My youngest sister sent over two bags of chocolates for the boys the other night, and the oldest boy, who has a sweet tooth (revise that to say he has a mouthful of sweet teeth, judging by the way he goes through chocolates), pounced on one right away. I had to grab the bags away from him to stop him from eating. He may be 19, but he still has to eat his dinner like a good boy.
My husband then took charge and stored the chocolates in a drawer. And in good time too, because a few minutes later, the other chocolate monster came barreling through our bedroom door, buck naked and grinning from ear to ear. It seems Alphonse pulled a quick one on his nannies, pretending to take a bath and then escaping from them while they were busy getting his bath supplies. He ran as fast as he could, taking the steps two at a time to reach us in record time. His belly fat jiggled all the time, his face was flushed from the effort, but he was unstoppable.
As soon as he came in, he scanned the room for… what else? Food. The boy knows he has a ready access to food when his big brother is around. I could sense that he was disappointed not to find any. His shoulders slumped sadly and the grin faded slowly. But Alphonse has a face that can be most easy to read at times, and this was one time his expressions told us all. His head suddenly perked up, the way a meerkat does when it senses things. He sniffed around, his nostrils apparently picking up a scent. And then he made his way to the trash can, where the evidence of big brother’s debauchery was still there for all to see.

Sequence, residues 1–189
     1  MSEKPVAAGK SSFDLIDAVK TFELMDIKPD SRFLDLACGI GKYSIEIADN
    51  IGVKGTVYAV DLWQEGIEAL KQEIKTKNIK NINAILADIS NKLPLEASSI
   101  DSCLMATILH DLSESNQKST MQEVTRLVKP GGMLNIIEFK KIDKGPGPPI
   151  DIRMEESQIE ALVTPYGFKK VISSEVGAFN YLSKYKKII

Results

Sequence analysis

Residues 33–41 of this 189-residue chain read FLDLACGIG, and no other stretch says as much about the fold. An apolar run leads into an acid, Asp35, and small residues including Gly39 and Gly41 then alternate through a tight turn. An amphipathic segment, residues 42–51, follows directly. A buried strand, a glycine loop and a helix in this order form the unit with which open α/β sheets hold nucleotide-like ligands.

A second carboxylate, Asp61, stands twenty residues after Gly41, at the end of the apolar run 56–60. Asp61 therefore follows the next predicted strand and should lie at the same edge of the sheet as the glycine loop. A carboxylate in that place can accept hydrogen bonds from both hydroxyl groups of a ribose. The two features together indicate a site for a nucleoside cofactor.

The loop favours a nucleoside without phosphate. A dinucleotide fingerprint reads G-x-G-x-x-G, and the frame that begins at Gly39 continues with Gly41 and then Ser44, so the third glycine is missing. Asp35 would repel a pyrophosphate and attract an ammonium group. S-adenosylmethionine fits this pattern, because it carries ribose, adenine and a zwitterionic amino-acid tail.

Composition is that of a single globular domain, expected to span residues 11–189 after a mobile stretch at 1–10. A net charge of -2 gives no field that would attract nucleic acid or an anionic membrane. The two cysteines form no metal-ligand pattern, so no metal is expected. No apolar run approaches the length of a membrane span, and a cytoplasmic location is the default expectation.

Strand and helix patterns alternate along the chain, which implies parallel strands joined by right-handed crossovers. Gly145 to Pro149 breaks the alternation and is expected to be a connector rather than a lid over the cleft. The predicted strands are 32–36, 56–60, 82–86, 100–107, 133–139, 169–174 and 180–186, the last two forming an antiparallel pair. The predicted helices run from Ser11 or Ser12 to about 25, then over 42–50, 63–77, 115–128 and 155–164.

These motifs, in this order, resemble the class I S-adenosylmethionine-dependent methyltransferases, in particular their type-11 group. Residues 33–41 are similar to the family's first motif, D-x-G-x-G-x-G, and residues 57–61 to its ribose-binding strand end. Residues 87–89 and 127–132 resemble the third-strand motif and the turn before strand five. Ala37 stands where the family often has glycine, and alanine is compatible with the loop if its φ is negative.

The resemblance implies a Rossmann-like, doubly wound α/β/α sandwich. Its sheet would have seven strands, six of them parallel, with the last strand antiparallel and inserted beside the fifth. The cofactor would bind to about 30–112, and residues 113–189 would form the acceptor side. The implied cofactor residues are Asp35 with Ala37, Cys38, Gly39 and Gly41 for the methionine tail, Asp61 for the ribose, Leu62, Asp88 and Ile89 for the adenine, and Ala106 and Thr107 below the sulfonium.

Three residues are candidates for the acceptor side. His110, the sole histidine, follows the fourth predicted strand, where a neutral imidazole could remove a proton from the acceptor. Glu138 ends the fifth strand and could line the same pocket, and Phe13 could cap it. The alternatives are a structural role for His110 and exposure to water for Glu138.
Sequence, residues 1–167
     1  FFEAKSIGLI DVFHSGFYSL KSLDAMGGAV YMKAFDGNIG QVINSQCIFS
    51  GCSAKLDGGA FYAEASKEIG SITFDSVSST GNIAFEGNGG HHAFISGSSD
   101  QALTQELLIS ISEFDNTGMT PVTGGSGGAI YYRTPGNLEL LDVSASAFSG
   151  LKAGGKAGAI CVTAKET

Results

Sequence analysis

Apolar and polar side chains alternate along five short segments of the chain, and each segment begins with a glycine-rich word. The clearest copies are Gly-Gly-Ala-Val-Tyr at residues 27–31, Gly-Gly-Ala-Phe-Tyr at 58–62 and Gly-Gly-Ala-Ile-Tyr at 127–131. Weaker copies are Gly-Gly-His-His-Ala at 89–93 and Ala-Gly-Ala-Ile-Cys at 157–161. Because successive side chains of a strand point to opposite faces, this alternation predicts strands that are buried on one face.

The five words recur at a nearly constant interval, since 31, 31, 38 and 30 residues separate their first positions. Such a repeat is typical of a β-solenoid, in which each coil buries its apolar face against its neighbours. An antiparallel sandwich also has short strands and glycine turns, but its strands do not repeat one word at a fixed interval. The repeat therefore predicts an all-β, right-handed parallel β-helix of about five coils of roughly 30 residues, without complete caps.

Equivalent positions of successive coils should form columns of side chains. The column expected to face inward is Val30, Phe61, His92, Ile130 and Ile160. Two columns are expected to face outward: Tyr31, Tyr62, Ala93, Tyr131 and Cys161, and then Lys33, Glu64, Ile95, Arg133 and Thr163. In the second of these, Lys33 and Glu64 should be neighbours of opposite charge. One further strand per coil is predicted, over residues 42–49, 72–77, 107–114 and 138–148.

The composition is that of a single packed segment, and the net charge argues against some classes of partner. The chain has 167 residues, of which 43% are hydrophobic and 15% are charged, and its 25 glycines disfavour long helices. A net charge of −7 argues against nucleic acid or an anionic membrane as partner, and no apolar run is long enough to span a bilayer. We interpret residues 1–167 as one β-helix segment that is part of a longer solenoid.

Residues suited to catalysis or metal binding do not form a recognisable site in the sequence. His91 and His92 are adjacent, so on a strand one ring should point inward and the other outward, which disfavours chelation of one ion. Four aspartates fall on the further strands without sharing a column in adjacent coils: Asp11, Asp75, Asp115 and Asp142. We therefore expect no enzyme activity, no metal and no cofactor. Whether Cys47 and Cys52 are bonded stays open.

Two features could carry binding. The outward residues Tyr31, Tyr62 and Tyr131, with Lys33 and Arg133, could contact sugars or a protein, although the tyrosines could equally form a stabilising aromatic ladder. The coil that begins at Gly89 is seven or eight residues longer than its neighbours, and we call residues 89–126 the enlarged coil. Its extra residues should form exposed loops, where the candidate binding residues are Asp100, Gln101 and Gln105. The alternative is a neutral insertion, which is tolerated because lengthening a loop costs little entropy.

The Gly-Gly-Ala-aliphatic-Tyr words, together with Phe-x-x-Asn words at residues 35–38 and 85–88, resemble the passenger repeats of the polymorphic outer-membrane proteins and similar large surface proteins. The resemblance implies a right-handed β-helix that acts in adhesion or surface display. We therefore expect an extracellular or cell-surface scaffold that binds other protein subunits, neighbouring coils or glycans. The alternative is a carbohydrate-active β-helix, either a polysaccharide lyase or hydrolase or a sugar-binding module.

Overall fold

He picked up the wrappers, sniffed them a bit, turned them every which way, and threw them back to the trash. And then he inched himself, slowly at first, to me, now smiling quite devilishly. He took a long look at my handbag and motioned for me to hand it over. When I did, he started going through all the open pockets and zipped compartments. He shook out my hanky, as if expecting a shower of chocolates to fall out any time. He opened my wallet, and satisfied there wasn’t anything edible, handed it back to me.
I knew he was getting impatient when he started searching my bag over and over again. We had to give him something, or else face the prospect of being frisked and strip searched (no kidding!). And so, his dad lured him to the bathroom to give me time to sneak out a few pieces of chocolates from their hiding place. When he came back and saw the chocolates on the table, he flashed us his most charming smile.
I asked him to choose which one of three miniature chocolate bars (Baby Ruth, Butterfinger, and Nestle Crunch) he liked best. He thought about it for a while and then chose. All three. These boys have definitely got my food genes.
And so here goes another day in the life of an autism family. It isn’t always easy, but when you live and breathe in it every day, despite its strangeness, there are plenty of blessings too. Autism opens your eye to the beauty of the world. You appreciate more; you learn not to take anything for granted. Not one moment. And when you finally learn how to live that way, then even the most banal, most common day can turn out to be an extraordinary one.